Israel's Once Grooviest Rocker Is Still Alive, but Not Kicking

Maor Cohen's new album, 'Summer Vacation,' has songs with an agreeable twist, but little more.

Something strange happens toward the end of the first song on Maor Cohen's new album: modulation. Cohen sings the chorus a scale higher than at the start of the song – a popular trick more common in kitschy pop.

It might be that Cohen was trying to be ironic, especially since the chorus in the song "Hozer al Hahayim" ("Returning to Life") reminds us of the hackneyed Keren Peles song "Im Ele Hahayim" ("If This Is Life").

But no other aspect of the song supports this theory. There's no irony here. Cohen is being completely serious. So why use this stale technique? Has something gone awry with the coolest Israeli singer of the past 20 years?

No. The following songs on Cohen's new album "Hahofesh Hagadol" ("Summer Vacation") – released eight years after his "Pirhei Hara" ("The Flowers of Evil") – show that his usual modus operandi is still intact. There's that modulation and a few other minor issues, but "Hahofesh Hagadol" has plenty of songs that express Cohen's diverse talents and ability to operate in many areas of pop.

"Eretz Kashah" ("Difficult Land") and "Ahava" ("Love") are ballads that in Arik Einstein's hands could have been gold, but they still show promise when performed by Cohen. "Holech al Habatuach" ("Playing it Safe") rides on a winning groove of light and airy synthesizers. "Al Tithatnu, Banot" ("Don't Get Married, Girls") – Cohen's galloping composition set to the breathtaking anti-bourgeois text by Boris Vian – is an explosion of energy that brings out the demon that Cohen has rarely expressed in recent years.

(In one line, Vian says the women he's addressing should hide dollars in the kitchen cupboard so that when they're "Age 50 in the arid season / You can buy the favors of boys / With straw in their heads and lots of curls." When you hear the last line, it's hard not to think of the curly-haired, playing-it-dumb boy Cohen was in the days of Ziknei Tzfat, the grunge-punk band he was in decades ago.)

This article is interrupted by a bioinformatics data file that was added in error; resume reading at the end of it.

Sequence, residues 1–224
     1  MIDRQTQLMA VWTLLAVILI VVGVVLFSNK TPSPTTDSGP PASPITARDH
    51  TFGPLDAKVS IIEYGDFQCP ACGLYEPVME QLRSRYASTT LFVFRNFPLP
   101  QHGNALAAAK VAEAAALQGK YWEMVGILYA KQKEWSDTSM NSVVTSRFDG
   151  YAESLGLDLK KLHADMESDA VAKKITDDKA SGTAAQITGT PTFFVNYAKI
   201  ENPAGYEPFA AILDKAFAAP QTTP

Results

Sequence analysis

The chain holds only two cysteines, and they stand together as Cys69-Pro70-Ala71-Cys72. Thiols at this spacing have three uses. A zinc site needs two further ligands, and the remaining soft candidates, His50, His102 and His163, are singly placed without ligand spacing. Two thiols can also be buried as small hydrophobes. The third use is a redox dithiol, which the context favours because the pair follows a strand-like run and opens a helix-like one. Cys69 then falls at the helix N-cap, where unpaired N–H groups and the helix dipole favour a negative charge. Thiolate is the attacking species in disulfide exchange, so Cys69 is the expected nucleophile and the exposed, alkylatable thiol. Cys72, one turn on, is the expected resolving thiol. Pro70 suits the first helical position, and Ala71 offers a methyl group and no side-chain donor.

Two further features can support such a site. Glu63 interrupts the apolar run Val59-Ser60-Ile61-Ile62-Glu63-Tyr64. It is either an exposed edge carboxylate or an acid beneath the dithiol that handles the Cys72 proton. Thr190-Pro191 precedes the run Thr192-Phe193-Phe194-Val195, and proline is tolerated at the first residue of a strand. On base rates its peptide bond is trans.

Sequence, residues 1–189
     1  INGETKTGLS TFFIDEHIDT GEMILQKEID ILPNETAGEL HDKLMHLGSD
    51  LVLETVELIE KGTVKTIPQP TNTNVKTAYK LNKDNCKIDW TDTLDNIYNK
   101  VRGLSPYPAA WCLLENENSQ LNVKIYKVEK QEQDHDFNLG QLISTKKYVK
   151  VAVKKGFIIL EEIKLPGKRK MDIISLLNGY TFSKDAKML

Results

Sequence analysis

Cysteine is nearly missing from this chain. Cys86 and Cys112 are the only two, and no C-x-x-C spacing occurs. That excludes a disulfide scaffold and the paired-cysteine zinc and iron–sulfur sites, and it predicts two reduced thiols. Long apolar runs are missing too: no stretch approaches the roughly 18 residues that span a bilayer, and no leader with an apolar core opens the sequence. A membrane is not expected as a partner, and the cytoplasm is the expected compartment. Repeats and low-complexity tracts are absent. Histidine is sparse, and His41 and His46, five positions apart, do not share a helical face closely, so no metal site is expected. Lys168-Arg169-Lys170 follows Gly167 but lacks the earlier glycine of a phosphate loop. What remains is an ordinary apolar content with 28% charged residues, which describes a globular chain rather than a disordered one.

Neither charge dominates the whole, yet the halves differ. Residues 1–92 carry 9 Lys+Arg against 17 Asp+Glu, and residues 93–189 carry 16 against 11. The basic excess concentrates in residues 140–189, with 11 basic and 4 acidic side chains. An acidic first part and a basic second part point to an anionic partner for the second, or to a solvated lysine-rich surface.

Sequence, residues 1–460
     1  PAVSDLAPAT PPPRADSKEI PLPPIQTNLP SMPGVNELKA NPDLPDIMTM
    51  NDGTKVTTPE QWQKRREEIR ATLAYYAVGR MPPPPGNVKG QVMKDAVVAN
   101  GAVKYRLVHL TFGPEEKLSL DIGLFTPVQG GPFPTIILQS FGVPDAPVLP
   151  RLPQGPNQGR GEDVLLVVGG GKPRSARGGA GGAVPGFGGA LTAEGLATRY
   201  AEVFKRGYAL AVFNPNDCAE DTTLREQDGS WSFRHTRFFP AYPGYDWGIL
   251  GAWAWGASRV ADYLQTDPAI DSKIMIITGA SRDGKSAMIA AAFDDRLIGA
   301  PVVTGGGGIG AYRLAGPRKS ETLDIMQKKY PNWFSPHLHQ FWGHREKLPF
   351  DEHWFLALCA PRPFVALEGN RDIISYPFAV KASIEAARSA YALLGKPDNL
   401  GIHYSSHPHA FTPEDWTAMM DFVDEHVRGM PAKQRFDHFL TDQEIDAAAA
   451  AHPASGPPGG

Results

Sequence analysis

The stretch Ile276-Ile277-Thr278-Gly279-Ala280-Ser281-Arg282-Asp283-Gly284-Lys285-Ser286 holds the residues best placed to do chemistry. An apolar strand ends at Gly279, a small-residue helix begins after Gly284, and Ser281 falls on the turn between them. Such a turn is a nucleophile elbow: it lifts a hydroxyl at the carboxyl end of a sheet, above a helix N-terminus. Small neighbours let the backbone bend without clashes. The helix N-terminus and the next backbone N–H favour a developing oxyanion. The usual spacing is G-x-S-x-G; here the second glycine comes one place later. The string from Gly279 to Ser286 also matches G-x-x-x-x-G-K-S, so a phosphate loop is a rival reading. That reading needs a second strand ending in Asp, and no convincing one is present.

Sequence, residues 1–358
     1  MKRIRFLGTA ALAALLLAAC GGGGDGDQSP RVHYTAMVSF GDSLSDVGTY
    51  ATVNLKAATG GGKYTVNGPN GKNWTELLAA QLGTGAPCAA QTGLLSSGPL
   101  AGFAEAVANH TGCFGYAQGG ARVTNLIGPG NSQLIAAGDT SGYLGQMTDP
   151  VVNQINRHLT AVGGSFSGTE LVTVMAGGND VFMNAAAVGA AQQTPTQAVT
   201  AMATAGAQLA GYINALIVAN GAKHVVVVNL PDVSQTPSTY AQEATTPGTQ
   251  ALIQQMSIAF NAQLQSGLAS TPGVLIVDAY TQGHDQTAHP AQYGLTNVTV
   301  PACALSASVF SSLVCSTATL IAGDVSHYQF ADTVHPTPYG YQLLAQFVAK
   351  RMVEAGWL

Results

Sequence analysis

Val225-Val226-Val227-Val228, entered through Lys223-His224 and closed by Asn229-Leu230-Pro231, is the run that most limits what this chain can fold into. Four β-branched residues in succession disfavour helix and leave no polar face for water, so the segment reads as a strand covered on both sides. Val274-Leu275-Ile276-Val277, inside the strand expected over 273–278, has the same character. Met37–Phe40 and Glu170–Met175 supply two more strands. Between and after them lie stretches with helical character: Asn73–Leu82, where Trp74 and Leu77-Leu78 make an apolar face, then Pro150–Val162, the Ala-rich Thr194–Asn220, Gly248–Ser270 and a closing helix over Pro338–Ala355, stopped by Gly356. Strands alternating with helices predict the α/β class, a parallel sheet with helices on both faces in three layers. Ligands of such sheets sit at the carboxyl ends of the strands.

"Hahofesh Hagadol" provides several more minor pleasures; the songs aren't necessarily good but provide an agreeable twist. "Eli" is basically a children's song, but somehow it works. "Mangina" ("Tune") is frivolous, but it hits the target when you notice it sounds like a song by female singer Ilanit in the early 80s.

But by the time these nuggets arrive – "Mangina" is the ninth song on the album and "Eli" the 10th – "Hahofesh Hagadol" has made clear it's finding it hard to hold together as an album. The problem isn't the songs, it's the glue that's meant to keep them together.

Part of the problem is the editing; the second part of the album flits among styles and moods without a logical progression. The album is missing a quality that's supposed to emerge from Cohen's personality and bridge the diverse sides of his creative experience: his nonchalant charm.

Even though this charm is present in isolated songs, it isn’t there the whole way. Cohen was never a great singer, but his shortcomings were usually offset by a nonchalant, elusive magic that let him perform a Frank Sinatra ballad next to the distortion frenzy of Ziknei Tzfat. But in the new album, too many songs sound heavy and off the mark.

Brilliant musical production may have solved the problem, but most of the songs are produced in a standard way. Another solution would have been to shorten and tighten "Hahofesh Hagadol." But Cohen – perhaps because of the long hiatus since his last album – went for a medium-to-large version at 13 songs and nearly 50 minutes. So we hear the flaws more than the genius.

David Bachar